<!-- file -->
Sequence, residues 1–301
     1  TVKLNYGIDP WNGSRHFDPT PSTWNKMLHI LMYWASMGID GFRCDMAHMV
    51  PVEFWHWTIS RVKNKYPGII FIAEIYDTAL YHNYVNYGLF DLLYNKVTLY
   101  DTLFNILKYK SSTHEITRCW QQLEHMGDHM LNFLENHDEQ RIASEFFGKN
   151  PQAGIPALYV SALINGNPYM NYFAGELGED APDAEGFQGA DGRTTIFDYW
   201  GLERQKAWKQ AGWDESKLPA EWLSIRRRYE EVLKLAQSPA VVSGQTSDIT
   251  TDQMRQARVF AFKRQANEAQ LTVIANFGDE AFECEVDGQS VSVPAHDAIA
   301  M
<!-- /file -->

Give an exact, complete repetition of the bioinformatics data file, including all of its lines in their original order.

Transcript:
Sequence, residues 1–301
     1  TVKLNYGIDP WNGSRHFDPT PSTWNKMLHI LMYWASMGID GFRCDMAHMV
    51  PVEFWHWTIS RVKNKYPGII FIAEIYDTAL YHNYVNYGLF DLLYNKVTLY
   101  DTLFNILKYK SSTHEITRCW QQLEHMGDHM LNFLENHDEQ RIASEFFGKN
   151  PQAGIPALYV SALINGNPYM NYFAGELGED APDAEGFQGA DGRTTIFDYW
   201  GLERQKAWKQ AGWDESKLPA EWLSIRRRYE EVLKLAQSPA VVSGQTSDIT
   251  TDQMRQARVF AFKRQANEAQ LTVIANFGDE AFECEVDGQS VSVPAHDAIA
   301  M